CEP in Action: Program Launch

Last month, we announced the introduction of PWW’s Community Education Program (CEP) in Haiti (read story). This month, we share details about the CEP launch at a school in Limonade, Haiti.

As a reminder, the CEP Model is founded upon the goal of developing a pool of local WASH (water, sanitation and hygiene) paraprofessionals, made up of respected and motivated community leaders. PWW selects, trains, and supports the group of individuals, known as Lead Community Agents (LCAs), who serve as local WASH leaders, knowledgeable about effective WASH practices and able to teach these practices to fellow community members.


In May 2022, PWW selected the first group of LCAs. Individuals who become LCAs are already connected with PWW and are actively serving as Community Agents (CAs), volunteers selected by the community and trained by PWW to support the community’s safe water program.

The first group of LCAs live in the Roucou area of Limonade, where PWW has been working for the past three years. Junior Seraphin, WASH Trainer Coordinator with PWW Haiti (pictured right), delivered the two-day intensive workshop to the selected group of five individuals. In addition to learning the curriculum, the group learned how to effectively teach WASH concepts to community members. They also worked on localizing the content and documented materials to support the local dialect.



The LCAs initial opportunity to put their WASH training into action was with students at the Adelphos School, where PWW recently completed a comprehensive safe water and sanitation facility, complete with gender-specific bathrooms (to support adolescent girls with safely and privately managing their menstrual cycles), urinals, a shower, handwashing stations, and reliable access to safe water.

In collaboration with the school principal and staff, PWW and the LCAs established a training schedule to take place on Fridays for four weeks. The training sessions included information about menstrual hygiene management, personal hygiene and handwashing, environmental hygiene, and prevention practices against COVID-19 and other virus.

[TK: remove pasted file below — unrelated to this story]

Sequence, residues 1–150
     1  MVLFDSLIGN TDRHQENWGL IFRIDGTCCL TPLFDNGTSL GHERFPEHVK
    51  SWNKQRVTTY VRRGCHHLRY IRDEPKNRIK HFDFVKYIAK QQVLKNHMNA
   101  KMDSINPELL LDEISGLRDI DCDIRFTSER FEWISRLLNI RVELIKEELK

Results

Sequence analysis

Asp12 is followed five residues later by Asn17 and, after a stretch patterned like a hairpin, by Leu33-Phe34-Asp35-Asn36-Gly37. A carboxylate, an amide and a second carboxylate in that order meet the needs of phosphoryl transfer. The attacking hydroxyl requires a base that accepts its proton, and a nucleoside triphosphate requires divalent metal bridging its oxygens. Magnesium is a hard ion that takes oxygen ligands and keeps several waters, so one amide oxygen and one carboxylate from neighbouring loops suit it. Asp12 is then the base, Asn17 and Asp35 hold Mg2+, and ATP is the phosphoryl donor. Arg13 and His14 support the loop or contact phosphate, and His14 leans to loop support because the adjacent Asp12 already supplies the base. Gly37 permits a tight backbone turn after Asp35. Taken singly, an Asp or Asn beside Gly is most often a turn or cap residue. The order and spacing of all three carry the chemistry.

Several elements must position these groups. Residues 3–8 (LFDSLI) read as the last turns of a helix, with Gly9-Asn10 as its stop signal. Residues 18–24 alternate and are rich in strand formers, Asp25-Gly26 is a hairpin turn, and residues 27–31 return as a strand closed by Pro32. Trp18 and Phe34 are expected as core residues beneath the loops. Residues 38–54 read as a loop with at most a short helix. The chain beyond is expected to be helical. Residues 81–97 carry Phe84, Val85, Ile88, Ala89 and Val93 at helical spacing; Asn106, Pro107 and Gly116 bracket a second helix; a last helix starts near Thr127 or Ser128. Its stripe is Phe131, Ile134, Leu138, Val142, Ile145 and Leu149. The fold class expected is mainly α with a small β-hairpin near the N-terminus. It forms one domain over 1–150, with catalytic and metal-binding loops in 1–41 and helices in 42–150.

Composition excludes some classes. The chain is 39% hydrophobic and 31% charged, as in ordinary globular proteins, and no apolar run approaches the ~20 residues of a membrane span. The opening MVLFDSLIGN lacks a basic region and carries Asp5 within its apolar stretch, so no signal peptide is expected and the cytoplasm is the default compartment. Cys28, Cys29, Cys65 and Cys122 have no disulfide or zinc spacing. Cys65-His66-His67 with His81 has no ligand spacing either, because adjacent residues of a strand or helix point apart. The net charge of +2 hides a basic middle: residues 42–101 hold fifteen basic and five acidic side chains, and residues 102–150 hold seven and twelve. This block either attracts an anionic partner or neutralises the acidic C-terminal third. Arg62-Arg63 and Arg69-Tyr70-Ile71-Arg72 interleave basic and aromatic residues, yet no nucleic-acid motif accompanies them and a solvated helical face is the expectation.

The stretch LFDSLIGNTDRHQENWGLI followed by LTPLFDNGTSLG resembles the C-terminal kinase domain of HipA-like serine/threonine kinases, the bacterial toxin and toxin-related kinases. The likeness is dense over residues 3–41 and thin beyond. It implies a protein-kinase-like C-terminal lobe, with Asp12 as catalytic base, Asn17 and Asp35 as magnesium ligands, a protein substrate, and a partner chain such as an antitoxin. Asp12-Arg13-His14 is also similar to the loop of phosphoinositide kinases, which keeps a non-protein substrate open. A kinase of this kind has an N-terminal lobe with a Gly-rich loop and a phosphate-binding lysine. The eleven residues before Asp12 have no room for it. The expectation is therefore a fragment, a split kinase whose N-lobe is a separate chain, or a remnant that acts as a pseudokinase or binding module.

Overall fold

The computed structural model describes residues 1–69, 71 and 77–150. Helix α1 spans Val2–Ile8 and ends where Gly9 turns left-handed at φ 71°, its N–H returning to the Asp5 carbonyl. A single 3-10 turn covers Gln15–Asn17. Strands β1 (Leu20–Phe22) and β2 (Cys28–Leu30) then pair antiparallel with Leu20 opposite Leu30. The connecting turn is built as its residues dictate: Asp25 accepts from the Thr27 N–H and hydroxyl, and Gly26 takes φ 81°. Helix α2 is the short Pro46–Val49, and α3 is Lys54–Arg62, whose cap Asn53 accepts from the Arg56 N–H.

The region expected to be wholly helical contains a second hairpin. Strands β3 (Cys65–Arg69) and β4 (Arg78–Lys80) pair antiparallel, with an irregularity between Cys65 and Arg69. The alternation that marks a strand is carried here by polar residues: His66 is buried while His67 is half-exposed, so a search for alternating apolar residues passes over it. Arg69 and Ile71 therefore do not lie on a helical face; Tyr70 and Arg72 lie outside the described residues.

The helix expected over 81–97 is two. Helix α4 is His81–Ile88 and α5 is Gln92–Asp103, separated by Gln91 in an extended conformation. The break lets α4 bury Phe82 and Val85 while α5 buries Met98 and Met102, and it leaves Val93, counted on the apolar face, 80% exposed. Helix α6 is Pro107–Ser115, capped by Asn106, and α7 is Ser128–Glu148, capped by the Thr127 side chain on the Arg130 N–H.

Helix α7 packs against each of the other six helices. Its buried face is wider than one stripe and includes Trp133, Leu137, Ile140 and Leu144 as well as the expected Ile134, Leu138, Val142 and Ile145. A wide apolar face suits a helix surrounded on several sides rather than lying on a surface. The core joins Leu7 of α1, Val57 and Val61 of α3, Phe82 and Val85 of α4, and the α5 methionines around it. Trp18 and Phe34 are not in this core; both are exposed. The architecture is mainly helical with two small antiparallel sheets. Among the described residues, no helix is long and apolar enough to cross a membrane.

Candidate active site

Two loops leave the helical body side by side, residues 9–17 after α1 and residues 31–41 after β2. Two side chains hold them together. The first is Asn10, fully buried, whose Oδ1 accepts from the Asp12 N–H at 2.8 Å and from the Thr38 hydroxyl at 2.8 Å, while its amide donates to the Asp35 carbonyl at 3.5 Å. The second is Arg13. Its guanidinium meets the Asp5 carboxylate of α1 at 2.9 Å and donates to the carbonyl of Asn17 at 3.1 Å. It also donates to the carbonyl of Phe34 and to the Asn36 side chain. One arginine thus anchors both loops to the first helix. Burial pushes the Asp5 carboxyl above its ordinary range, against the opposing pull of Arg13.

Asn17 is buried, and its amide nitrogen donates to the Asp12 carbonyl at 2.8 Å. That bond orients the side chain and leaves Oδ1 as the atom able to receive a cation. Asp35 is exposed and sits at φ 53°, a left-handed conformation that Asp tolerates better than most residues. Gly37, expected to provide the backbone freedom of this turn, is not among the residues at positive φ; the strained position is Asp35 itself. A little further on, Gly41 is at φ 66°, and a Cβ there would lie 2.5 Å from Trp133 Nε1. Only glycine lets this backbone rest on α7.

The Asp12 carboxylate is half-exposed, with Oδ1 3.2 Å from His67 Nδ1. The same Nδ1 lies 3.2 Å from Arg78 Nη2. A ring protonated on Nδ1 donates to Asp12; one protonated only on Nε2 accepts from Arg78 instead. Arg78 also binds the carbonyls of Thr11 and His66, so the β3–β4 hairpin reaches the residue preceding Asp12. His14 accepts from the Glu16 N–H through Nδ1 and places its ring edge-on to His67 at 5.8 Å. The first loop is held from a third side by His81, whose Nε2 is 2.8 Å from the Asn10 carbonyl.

The students were very engaged in the course materials and the training sessions. They worked with the LCAs and school administration to establish a student WASH committee, the Hygiene Club, which will be run and managed by students with oversight by the school administration and support from the LCAs. The Hygiene Club will serve to continue advancing and supporting the correct and consistent use of healthy WASH practices.

When asked what she had learned, one student enthusiastically shared: “Ok, here is what I have learned: personal hygiene is when we keep our body clean, we now know how to brush our teeth, and we know that we need to wash our hands when leaving the restroom and before eating food. This is some of what I have learned!”


One training session focused on the importance of cleaning up the school grounds. Three separate bins were introduced for managing waste: organic waste, paper waste, and plastic waste. While recycling is not prominent in Haiti, programs are underway to encourage community members to think locally and globally about their waste and take proactive steps to effectively reduce and manage waste in support of their own health and the health of the environment.

The following was shared by Junior:

An unhealthy school environment can significantly reduce school attendance rates. Among the diseases that affect children, the most important are intestinal infections and diarrhea. The promotion of good hygiene practices at home and at school are the most effective and economical means of preventing these diseases in a sustainable way.

The health of students is a major component of their general wellbeing. As such, it is necessary to help young people develop knowledge and behaviors that are favorable to good health. School is the best place for this.

At Adelphos School, during an environmental hygiene training with LCAs, students gained an understanding about the importance of waste management. They all agreed to take responsibility by cleaning up the school environment, starting by sorting the waste using the color-coded bins.



LCAs were able to integrate the menstrual hygiene management training with global Menstrual Hygiene Day, which takes place every year on May 28th. Fifty students participated in MH Day activities. LCAs taught students about menstruation as a natural process related to the reproductive cycle of women and adolescent girls and dispelled the myth and misunderstandings that menstruation is a “disease.” They helped students understand that menstruation is a sign of good health and growth.








LCAs explained the importance of safe and healthy menstrual hygiene practices. As an interactive learning session, students worked in small groups to practice what they learned in order to take lessons learned into action. The essential roles of safe water, sanitation facilities, soap and personal hygiene, and proper waste disposal were incorporated into the session.

Students were encouraged to break the silence about menstrual hygiene, with girls gaining the confidence and knowledge to effectively manage their menstrual cycles, without shame or misunderstanding.



When asked about the impact of the CEP program on the school community, Junior responded, “Training went very well. All [students and administrators] are adjusting to healthy WASH practices at the school. As they keep moving forward, they will certainly see lasting improvement.”